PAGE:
I remember a while ago someone was freaking out over something Takemoto said in an interview about his understanding of Makoto. Basically, he said something like he found Makoto incredibly deep and hard to grasp as a character. The one who was freaking out took this to mean that Takemoto didn’t know what he was doing. That’s not what I want to get into.
What I find interesting now is how Takemoto’s view of Makoto is quite different from a lot of people’s I’ve seen. The conventional view of Makoto from Free was that he may be hot and kind but his character is ultimately boring and shallow. But look at what Takemoto said about Makoto. He obviously saw and understood something about Makoto that a lot of people didn’t.
This isn’t the first time he’s done this. My favourite example of this is in an Amaburi interview when he’s asked about Kanie. The interviewer asks about Kanie’s depiction and describes him as a cool, detached narcissist, as most of us would see him. Takemoto says well actually, I think he’s cute and he acts that way because he’s not used to dealing with people, so I tried to bring out that cute part of him because it’s very important to his character.
Part of the reason I found Makoto much more interesting in High Speed is because he’s not already everyone’s anchor. Obviously, this is a setting issue: middle school Makoto is obviously going to be more unsure and vulnerable. Makoto second-guesses himself because of his new environment and new people and alters his behaviour because he feels like he needs to change. Haru notices these slight changes, which escapes everyone else, and it becomes a source of tension between them. It’s a very different relationship dynamic from the one where Makoto’s stopping Haru from jumping into fish tanks.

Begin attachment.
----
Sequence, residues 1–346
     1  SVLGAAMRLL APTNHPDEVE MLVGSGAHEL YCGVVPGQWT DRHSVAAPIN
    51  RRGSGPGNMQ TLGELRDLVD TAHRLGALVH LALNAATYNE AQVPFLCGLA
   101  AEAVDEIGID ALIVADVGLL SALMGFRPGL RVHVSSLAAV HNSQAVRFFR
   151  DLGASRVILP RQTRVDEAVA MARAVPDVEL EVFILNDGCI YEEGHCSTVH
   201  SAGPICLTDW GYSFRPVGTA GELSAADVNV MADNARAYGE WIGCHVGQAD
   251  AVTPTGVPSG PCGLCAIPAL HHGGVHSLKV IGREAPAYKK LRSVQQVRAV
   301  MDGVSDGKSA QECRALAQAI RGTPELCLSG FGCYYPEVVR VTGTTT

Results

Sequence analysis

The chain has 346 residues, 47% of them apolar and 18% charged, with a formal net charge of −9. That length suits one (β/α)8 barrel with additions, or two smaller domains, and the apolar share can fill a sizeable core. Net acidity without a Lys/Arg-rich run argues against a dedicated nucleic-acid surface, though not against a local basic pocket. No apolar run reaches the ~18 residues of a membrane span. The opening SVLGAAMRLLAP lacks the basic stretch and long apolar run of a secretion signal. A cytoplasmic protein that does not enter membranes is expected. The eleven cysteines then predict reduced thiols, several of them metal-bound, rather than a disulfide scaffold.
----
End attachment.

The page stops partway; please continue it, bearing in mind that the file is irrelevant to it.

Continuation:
I think this is one area where the comedy/drama splitting the difference hurt Free, since in making everyone else in the Iwatobi swimming club weirdos, they sort of forced Makoto into being the straight man. This is okay if you want to make it a comedy, but if you want a deeper exploration of the characters, like Free wanted to do sometimes, you end up not being able to do much with Makoto without making it seem overly dramatic.
In both High Speed and Free, he’s a nice boy who feels a sense of responsibility. His attempts to change in High Speed are a reflection of that. But Makoto also has space to be vulnerable in High Speed, since Nao and Natsuya are around to shoulder being the responsible ones. Of course, Nao and Natsuya have their own things to deal with but it doesn’t come off as weird, since High Speed isn’t trying to be half a comedy.
But even then, it’s not like Takemoto can’t write male characters that aren’t lame in his comedies. Everyone loves the Maidragon bits about Takiya and Faf-kun and they could’ve been super gimmicky characters.
You can see the same difference between the High Speed and Free versions of Haru. I’m a fan of the High Speed Haru in large part because of Takemoto’s characterization, or what Takemoto called Haru’s pure convictions and being unshakeable. There are moments in High Speed when he doesn’t back down and stares down whoever’s challenging him and we get these great shots of his look of determination.
For instance, when he says “I only swim free”, at first it’s like aha, he said the thing! But the weight and context of the line here is different from in Free. In Free, he says it and it’s the kind of thing that an eccentric prodigy does. In High Speed, he has to actually back it up since it means defying Natsuya. In this case, it’s a deliberate action that he’s taking because it’s something he believes in.
This also touches on something that we don’t really see in Free, which is Haru’s sensitivity and perceptiveness. In Free, he’s always doing shit like jumping into bodies of water and everyone’s trying to stop him. In High Speed, Haru notices things like the changes in Makoto’s behaviour and the tensions between Ikuya and Natsuya.
It’s this emotional perceptiveness that he has in High Speed that changes his character. The things he does go from being the whims of the weirdo genius to something that he chooses to do because he thinks it’s the right thing to do.